§ 7. Mr. Ellis
asked the Secretary of State for the Home Department if he will seek to amend the law regulating the granting of bills of indictment to transfer 1744 criminal prosecutions from a lower court to a higher court.
§ The Minister of State, Home Office (Mr. Mark Carlisle)
The Government have no plans for legislation on this subject.
§ Mr. Ellis
Is the hon. and learned Gentleman aware of the steadily accumulating evidence showing that this procedure is being used to thwart the wishes of defendants and even of courts where no practical difficulties exist to having cases conducted entirely in Welsh, and that an increased possibility of a miscarriage of justice and increased public disquiet inevitably follow? Will the hon. and learned Gentleman look at the affidavit produced in Carmarthen Crown Court last week in order to see the farcical and tragic situation that has been contrived?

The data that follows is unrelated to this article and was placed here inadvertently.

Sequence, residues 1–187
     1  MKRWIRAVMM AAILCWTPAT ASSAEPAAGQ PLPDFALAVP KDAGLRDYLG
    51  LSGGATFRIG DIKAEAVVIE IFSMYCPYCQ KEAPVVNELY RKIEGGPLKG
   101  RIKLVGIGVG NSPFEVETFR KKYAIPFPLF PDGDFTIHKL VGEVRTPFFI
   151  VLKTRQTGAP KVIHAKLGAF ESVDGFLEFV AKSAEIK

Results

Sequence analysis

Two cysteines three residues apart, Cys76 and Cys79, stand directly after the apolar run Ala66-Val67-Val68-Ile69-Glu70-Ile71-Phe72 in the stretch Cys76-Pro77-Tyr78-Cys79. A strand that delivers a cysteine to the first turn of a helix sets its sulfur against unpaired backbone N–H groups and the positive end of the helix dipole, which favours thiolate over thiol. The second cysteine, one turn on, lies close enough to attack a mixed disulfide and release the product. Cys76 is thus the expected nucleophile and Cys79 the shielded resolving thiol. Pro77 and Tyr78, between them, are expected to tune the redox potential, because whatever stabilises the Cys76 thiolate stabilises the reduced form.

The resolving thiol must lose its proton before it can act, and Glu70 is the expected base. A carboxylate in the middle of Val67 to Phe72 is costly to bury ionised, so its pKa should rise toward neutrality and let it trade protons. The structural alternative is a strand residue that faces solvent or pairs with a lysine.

§ Mr. Carlisle
I do not accept that the system is being ill used. The voluntary bill of indictment system is a procedure whereby the prosecution may apply to a high court judge for a voluntary bill as an alternative to ordinary committal proceedings. At the moment, we have no intention of altering that procedure.
§ Mr. Gwynoro Jones
On how many occasions has a magistrates' court adjourned a hearing for several weeks so that the police could find a Welsh-speaking solicitor, only to discover that over its head the case has been transferred to a Crown Court? Will the hon. and learned Gentleman assure the House that the spirit of the Welsh Language Act does not mean that cases in Wales are not to be heard in the Welsh language?
§ Mr. Carlisle
I cannot give a factual answer to the hon. Gentleman's first question. I will try to find the answer for him. As for his second question, the use of Welsh in the courts is a matter for my right hon. and learned Friend the Lord Chancellor.